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Dwelling on the problems 26 February 2015

Would you recognise a “building” if you saw one ?  This turns out to be a surprisingly important question for residential tenants.

In passing, we have a definition of building in the Energy Performance of Buildings regulations: “a roofed construction having walls”.  But that is not relevant in the case of the Landlord and Tenant Act 1985 (the 1985 Act).  Perhaps surprisingly, it turns out that the Act does not contain a definition of “building”.  This matters a lot, given that in order to have the protections conferred by that Act, a person has to be the “tenant of a dwelling”, and “dwelling” is defined (in section 38) to mean “a building or part of a building occupied or intended to be occupied as a separate dwelling …”.

We all agree that a caravan is not a building.  It is a chattel (a large one, but nevertheless a chattel).  So is a garden shed.  At the other end of the scale, a house constructed in conventional manner using bricks, with foundations dug into the soil, will definitely be a building.  Somewhere along the continuum between those two, an item changes from a chattel to a building.  To enjoy the protections conferred by the 1985 Act, one needs to be on the correct side of the dividing line.

The “lodge” (to use a neutral word) that was the subject of the recent case of Caddick v Whitsand Bay Holiday Park Ltd [2015] UKUT 63 (LC) turned out to lie on the wrong side of the dividing line.  This was a “Park home” manufactured by Omar Park Homes Ltd in 2004.  It was made up of two separate timber-framed sections, each brought onto the holiday park and joined together.  It rested on timber blocks, and was chained onto a concrete base to stop it from blowing away.  Originally it had had wheels but these had been removed.  A wooden screen concealed the gap between the floor and the ground.  Mains services were connected and a wooden decking had been built around the perimeter.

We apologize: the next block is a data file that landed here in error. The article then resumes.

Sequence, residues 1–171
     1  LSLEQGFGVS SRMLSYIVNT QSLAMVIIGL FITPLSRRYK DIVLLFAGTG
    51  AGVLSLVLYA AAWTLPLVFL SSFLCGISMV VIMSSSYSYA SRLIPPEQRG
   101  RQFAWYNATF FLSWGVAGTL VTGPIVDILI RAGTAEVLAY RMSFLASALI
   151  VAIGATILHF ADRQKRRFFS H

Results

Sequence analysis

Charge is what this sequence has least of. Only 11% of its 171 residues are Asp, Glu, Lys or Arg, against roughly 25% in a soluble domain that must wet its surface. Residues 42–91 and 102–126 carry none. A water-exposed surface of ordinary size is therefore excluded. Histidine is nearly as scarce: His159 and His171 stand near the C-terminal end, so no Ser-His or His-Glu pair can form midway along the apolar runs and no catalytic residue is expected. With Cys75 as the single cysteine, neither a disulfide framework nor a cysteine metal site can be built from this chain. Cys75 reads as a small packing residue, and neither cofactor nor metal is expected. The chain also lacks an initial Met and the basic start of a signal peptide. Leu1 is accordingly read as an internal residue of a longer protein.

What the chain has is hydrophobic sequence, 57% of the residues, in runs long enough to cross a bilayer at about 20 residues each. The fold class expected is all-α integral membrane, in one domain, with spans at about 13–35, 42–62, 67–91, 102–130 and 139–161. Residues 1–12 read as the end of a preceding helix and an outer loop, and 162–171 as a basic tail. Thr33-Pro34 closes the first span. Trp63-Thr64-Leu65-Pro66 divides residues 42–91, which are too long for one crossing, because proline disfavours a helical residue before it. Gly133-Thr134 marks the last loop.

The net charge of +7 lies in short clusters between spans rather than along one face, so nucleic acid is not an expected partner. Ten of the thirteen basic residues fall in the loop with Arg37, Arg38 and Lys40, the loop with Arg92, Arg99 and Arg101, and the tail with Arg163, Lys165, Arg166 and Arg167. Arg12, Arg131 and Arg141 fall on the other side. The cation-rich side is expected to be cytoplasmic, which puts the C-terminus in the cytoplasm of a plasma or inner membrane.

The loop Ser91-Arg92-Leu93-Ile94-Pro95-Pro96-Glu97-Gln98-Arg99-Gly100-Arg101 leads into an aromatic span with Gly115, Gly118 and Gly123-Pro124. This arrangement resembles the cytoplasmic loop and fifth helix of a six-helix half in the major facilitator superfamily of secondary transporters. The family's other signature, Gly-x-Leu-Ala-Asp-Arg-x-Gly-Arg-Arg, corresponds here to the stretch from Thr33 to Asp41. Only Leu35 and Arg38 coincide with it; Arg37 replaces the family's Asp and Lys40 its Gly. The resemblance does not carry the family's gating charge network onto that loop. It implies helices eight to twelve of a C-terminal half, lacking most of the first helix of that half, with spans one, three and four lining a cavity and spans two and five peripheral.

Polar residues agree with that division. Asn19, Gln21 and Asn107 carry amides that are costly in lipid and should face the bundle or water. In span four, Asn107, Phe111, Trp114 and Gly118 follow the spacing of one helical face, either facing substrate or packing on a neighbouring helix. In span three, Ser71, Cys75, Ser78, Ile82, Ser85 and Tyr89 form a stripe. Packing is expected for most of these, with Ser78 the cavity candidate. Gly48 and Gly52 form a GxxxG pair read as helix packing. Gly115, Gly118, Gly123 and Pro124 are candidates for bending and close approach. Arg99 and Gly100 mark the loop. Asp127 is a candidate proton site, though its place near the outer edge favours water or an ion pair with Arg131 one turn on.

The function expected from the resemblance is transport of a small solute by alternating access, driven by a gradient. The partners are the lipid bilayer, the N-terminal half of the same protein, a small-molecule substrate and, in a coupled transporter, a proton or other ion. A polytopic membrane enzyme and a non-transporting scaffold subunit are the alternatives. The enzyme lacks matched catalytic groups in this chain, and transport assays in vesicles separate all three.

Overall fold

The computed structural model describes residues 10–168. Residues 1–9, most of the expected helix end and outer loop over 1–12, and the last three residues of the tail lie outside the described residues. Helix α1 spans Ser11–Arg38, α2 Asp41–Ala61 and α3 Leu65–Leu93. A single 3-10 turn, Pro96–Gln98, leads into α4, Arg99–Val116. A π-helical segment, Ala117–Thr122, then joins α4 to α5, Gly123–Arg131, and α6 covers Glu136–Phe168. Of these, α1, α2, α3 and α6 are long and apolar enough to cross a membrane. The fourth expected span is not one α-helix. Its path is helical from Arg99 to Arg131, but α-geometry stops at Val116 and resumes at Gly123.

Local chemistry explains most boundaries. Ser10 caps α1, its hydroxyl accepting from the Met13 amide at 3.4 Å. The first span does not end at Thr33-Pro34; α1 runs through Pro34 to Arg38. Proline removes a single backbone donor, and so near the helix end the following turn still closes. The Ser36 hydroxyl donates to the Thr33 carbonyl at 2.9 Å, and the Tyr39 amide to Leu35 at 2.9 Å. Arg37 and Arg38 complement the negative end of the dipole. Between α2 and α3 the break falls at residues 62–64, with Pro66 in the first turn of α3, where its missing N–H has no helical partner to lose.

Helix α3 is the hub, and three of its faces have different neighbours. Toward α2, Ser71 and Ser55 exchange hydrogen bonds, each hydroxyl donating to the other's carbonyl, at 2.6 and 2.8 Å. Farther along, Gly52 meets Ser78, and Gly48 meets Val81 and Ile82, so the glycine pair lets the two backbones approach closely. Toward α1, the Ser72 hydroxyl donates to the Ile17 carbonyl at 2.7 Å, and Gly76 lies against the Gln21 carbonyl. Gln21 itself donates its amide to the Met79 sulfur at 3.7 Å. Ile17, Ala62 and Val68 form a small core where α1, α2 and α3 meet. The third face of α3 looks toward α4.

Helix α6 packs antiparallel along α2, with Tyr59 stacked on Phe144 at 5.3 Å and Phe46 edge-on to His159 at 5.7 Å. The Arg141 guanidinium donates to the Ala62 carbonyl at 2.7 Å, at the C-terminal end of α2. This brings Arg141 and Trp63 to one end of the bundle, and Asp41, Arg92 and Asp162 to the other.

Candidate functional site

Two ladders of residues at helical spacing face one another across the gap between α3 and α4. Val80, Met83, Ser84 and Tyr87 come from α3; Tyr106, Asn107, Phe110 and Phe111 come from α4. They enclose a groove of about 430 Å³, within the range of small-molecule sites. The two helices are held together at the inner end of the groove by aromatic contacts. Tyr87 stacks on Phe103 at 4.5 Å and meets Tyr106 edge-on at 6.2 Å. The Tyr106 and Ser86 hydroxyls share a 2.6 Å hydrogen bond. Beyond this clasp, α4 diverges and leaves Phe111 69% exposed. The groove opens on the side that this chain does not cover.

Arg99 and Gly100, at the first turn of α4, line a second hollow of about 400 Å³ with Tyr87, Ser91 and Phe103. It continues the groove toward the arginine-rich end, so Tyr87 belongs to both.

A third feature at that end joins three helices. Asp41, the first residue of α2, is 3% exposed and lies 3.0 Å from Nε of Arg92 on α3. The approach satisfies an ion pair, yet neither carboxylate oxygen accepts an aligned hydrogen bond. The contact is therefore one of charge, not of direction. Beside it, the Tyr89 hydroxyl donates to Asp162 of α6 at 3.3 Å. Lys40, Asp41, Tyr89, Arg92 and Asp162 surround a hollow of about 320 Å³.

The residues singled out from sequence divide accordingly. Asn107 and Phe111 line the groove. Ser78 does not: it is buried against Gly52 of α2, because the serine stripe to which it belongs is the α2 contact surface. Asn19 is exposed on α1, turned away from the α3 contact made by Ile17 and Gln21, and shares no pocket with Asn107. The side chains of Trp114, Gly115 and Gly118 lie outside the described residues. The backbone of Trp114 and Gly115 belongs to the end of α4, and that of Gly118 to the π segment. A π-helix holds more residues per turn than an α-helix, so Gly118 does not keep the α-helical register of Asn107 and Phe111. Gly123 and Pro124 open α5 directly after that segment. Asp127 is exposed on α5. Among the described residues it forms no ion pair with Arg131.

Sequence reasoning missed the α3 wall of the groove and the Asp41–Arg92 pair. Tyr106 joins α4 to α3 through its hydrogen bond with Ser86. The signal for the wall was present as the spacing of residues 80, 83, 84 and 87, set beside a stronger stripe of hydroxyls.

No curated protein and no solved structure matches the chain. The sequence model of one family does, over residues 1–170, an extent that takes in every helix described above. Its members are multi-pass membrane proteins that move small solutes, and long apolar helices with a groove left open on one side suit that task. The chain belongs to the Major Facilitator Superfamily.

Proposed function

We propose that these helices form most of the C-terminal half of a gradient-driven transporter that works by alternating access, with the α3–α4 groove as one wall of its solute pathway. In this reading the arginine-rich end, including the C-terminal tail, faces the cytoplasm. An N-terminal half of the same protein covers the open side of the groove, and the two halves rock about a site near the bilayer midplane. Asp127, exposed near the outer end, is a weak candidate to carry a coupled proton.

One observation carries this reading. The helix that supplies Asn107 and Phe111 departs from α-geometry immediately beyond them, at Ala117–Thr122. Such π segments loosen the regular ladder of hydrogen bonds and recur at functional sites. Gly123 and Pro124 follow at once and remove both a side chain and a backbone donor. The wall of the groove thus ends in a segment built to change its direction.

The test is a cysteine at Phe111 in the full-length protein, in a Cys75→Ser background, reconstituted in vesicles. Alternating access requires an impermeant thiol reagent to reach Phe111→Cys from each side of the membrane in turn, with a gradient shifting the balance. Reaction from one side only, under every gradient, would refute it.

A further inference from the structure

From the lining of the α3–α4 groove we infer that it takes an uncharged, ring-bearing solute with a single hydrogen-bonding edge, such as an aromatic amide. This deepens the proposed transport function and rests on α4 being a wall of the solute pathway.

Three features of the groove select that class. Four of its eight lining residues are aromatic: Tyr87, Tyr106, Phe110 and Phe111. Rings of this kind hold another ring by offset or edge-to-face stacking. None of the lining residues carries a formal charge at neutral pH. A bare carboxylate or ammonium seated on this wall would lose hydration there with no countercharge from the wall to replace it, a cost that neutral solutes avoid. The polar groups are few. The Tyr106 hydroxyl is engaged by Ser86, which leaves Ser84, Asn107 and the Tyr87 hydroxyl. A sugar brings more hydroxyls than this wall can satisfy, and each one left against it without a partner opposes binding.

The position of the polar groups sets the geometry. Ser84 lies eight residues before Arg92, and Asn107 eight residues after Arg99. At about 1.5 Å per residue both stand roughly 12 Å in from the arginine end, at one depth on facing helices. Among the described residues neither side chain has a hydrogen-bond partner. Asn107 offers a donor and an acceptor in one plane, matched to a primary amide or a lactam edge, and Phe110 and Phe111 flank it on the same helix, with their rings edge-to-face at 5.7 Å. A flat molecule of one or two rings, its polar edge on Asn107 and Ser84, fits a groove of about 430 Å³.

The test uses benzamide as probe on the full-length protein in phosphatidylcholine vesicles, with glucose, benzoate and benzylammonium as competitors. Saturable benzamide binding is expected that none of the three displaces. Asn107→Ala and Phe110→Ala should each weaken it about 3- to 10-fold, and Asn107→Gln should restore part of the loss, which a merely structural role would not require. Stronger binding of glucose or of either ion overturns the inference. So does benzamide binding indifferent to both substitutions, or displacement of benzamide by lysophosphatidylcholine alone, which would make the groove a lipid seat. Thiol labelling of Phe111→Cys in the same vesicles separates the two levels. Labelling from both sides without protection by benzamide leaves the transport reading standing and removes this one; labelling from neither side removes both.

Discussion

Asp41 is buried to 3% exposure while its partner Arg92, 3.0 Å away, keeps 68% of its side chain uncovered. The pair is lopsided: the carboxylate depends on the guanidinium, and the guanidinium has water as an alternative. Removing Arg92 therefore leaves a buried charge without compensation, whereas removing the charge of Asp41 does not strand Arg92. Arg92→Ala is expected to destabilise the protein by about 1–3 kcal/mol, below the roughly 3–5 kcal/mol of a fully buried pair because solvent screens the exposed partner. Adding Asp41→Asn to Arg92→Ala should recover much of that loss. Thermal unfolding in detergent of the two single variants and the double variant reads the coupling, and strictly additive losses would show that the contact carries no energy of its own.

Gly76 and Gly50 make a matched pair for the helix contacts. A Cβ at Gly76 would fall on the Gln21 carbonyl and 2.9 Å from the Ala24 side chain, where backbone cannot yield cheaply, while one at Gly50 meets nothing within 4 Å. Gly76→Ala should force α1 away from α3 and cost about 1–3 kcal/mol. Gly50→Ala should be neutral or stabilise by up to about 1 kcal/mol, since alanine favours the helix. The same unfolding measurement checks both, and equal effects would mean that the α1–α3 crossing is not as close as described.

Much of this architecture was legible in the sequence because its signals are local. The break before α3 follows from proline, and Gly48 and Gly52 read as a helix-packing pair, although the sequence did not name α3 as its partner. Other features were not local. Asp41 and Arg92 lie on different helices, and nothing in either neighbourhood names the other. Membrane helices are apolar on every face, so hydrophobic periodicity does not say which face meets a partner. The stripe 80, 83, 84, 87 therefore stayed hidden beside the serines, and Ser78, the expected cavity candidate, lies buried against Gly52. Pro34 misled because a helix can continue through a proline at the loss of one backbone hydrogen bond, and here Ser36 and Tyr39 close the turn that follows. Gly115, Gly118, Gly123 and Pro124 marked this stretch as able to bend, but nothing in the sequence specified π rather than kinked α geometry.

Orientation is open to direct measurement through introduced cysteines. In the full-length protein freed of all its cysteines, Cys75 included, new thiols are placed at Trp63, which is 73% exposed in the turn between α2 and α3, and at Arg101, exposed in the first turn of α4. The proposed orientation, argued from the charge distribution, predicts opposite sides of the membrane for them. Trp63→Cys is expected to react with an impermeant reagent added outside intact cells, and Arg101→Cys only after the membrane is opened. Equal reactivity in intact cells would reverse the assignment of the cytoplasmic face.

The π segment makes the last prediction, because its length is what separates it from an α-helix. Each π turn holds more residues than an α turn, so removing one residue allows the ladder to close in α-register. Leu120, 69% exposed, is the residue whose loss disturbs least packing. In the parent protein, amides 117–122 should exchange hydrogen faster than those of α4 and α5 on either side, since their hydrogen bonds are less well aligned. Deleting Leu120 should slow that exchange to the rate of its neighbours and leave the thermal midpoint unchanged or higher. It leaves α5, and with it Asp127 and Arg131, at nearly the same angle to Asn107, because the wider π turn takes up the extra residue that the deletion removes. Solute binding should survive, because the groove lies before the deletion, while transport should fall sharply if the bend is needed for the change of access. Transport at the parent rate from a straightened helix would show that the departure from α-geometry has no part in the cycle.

Experts agreed that it would be possible to move the “lodge” without any material damage, and relocate it to a different site.  From the judge’s description, it appeared to be the sort of object that is frequently seen (in two separated halves) on the back of a lorry on a motorway.  It is large, but it does not need an escort so long as it remains on main roads.

Mr and Mrs Caddick owned a lodge on a plot on the Whitsand Bay Holiday Park near Plymouth under a 125 year lease.  They, with other leaseholders, applied to the Leasehold Valuation Tribunal for the determination of service charges payable under section 27A of the 1985 Act.  This would only be available to people who were “tenants of dwellings”.  In this decision, an appeal to the Upper Tribunal, the judge had to decide whether the lodge was a building, and hence a dwelling, within the meaning of section 38.  He decided it was not a building.  (Technically the decision is obiter for reasons that do not need to concern us, but it is still of considerable value.)  He referred to the House of Lords case of Elitestone Ltd v Morris [1997] 1 WLR 687, in which a bungalow was held to be part of the land on which it stood, principally because it could not be removed without being demolished.  This “lodge”, on the other hand, could easily be removed without being demolished.  Evidence was given to this effect from an expert whose company specialised in selling and siting new mobile homes and in relocating them.

So this was not a building, and therefore was not a dwelling, and therefore the protections for residential tenants in sections 18-30 of the 1985 Act did not apply. This is a major disadvantage for occupiers of such properties.

Two other thoughts occur to me but I have had no time to address them in detail yet.  First, perhaps the Mobile Homes legislation might provide some protection to occupiers of such constructions.  I have never looked at that legislation but I suspect that whatever protection it contains will not be as comprehensive as the protection given to tenants under the 1985 Act.  Secondly, could it be that this issue has been entirely overlooked in other cases?  In particular, could it have been overlooked in Phillips v Francis [2014] EWCA Civ 1395, which concerned the manner in which the service charge provisions in the Landlord and Tenant Act 1985 operate (see my article “Service charge consultation requirements with residential tenants: as you were” on 3 November 2014).  The properties in that case were wooden lodges that may well have been similar to the one in this case.  If so, the reasoning in this case could be the thin end of an extremely large wedge.


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